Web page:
Comox Valley Record

Comox Valley businesses could benefit from provincial liquor changes

Several revisions to liquor laws are intended to create new business opportunities, and to support breweries and distilleries in B.C., as announced by Energy Minister Rich Coleman.

He is also in charge of liquor control, licensing and distribution.

Under the changes, brewers and distillers can now apply to have an on-site consumption area. As well, small- and medium-sized liquor manufacturers will be allowed up to three common ownership and business relationships with licensed establishments off their manufacturing site.

In addition, rules around how liquor manufacturers can promote their products in bars and restaurants have been simplified by removing the requirement for a buy-sell agreement.

While the changes won't have a big impact on his operation, the owner of Coastal Black Estate Winery in Black Creek is encouraged to see "antiquated" regulations being modernized.

"Overall, I think it's fantastic," Abel O'Brennan said. "To see some of that getting a bit of a retooling is great."

He is especially pleased that an honourary wine envoy will be named with a mandate to better open domestic markets for B.C. wines.

Other changes are as follows:

• Wine stores will become licensees under the Liquor Control and Licensing Act;

• Criteria on whether private liquor stores can relocate within one kilometre of a liquor store is set out in regulation, not policy;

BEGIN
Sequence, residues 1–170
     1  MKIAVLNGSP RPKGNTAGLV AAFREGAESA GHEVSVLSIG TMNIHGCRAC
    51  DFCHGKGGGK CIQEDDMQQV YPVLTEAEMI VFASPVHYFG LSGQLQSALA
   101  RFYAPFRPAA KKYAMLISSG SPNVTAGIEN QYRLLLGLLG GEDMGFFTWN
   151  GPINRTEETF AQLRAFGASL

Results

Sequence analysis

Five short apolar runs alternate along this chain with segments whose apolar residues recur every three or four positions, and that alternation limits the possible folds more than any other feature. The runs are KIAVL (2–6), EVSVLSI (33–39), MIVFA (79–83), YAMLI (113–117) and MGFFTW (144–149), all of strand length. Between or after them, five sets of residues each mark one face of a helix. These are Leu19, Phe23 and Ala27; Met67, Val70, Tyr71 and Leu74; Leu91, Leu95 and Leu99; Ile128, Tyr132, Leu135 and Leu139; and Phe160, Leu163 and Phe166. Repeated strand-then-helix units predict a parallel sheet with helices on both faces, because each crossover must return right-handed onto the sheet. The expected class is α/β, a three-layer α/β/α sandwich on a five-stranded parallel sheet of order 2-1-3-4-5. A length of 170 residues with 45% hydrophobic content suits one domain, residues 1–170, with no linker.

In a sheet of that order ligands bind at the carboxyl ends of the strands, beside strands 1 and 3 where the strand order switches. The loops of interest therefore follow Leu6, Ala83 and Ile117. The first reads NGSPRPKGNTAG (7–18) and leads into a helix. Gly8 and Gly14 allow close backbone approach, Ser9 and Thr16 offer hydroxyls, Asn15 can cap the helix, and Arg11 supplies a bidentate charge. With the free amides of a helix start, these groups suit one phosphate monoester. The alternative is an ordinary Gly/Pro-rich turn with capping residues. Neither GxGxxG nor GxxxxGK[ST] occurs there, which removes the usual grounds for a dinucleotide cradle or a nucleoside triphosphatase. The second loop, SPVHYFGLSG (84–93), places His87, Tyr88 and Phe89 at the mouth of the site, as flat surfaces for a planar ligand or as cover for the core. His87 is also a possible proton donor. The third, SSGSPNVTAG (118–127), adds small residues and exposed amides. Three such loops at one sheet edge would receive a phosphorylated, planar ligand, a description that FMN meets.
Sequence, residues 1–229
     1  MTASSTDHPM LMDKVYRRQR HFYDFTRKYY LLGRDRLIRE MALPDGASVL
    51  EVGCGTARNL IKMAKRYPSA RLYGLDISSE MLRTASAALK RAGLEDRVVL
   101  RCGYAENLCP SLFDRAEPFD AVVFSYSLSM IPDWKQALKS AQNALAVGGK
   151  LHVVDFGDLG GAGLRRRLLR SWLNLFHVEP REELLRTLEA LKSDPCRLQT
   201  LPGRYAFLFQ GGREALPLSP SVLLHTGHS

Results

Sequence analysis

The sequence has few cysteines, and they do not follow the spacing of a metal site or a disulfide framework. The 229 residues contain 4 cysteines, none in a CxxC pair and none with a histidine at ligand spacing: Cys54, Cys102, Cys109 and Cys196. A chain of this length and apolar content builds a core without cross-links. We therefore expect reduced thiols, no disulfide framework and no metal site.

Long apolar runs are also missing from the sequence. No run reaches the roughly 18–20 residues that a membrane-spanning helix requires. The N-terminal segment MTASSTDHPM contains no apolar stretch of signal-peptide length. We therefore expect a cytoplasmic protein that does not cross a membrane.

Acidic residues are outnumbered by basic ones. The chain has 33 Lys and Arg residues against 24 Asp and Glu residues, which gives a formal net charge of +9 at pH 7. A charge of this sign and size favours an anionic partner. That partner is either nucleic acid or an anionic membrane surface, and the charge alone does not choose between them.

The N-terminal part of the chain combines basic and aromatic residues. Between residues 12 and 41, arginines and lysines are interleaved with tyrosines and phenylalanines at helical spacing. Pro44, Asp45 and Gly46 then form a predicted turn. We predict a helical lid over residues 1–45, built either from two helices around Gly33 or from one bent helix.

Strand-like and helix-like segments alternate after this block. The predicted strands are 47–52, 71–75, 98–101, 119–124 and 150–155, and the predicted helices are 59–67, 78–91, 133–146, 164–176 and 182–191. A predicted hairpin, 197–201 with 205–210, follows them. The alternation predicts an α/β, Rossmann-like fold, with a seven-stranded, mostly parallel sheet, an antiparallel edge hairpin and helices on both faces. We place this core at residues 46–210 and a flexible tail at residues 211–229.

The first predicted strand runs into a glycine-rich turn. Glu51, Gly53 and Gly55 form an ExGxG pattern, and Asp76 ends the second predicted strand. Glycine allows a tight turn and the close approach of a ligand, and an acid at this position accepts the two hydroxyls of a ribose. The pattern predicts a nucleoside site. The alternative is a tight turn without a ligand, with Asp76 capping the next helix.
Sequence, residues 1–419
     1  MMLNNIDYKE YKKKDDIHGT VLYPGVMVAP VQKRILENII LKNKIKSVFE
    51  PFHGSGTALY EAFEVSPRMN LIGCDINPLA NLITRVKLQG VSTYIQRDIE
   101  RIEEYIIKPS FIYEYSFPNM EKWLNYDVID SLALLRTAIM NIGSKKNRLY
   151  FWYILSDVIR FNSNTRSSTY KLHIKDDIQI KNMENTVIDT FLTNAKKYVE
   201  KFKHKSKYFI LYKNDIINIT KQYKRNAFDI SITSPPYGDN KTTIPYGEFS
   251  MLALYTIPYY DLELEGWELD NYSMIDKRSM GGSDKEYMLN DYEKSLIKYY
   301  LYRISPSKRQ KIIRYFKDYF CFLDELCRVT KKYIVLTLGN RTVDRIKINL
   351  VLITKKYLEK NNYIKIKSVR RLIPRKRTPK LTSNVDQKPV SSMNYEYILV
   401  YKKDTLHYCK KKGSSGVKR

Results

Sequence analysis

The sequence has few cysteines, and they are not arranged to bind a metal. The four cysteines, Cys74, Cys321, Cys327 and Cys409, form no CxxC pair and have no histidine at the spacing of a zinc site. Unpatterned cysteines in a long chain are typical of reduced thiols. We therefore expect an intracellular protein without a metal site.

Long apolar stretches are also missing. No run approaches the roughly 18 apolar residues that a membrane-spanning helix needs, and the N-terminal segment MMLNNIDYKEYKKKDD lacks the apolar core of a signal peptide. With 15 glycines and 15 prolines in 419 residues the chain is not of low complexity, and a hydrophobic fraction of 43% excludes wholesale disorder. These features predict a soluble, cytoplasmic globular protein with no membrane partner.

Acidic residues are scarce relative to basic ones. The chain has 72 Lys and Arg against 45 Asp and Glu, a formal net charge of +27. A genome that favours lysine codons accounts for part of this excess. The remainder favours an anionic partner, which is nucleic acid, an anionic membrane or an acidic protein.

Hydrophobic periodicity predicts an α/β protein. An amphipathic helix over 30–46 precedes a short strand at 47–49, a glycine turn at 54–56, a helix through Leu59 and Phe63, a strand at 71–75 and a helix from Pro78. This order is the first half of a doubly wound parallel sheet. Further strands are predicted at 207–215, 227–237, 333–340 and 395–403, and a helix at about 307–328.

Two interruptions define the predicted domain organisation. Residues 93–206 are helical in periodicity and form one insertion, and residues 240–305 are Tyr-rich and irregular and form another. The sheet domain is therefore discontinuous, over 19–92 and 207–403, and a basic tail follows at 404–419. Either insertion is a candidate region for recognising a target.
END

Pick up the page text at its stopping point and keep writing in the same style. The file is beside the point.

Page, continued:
• Increases to liquor-primary capacity now require local government input;

• Rural agency stores can purchase unlimited amounts of beer through government liquor stores.

The changes could benefit Island Spirits Distillery on Hornby Island and Shelter Point Distillery between Courtenay and Campbell River, says Comox Valley MLA Don McRae.

There are 14 licensed distilleries in B.C.

Under the new rules, qualifying craft distilleries will be eligible to have full markup exemption on sales to licensed establishments and consumers. Distillers in B.C. can now double their maximum annual production from 25,000 to 50,000 litres of finished product and remain in the craft distillery category.

In addition, products need to contain 100 per cent B.C. raw agriculture materials and be distilled by a licensed B.C. distillery.

“British Columbia has a tradition of excellence in agriculture," said McRae, a recent agriculture minister. "We've seen small breweries, wineries and distilleries evolve from a cottage industry to products renowned around the world. New changes to the craft distillery policies will help support their excellent work and support agritourism in the Comox Valley.”

reporter@comoxvalleyrecord.com

We encourage an open exchange of ideas on this story's topic, but we ask you to follow our guidelines for respecting community standards. Personal attacks, inappropriate language, and off-topic comments may be removed, and comment privileges revoked, per our Terms of Use. Please see our FAQ if you have questions or concerns about using Facebook to comment.

You might like ...

Cable ferry protested on Denman Island
 
Kathleen Bell: Business leader seeking council term
 
The race is on!
Emission limits set for B.C. LNG producers
 
One last holdup on B.C. railway tracks
 
CANCER AND FAMILIES-PART 1: ‘The diagnosis was terrifying’
Proposed setbacks irk Hicks
 
Canada Day in Alberni
 
Search and rescue veteran in Alberni retires after 47 years

Community Events, October 2014

Add an Event

Read the latest eEdition

Browse the print edition page by page, including stories and ads.

Oct 21 edition online now. Browse the archives.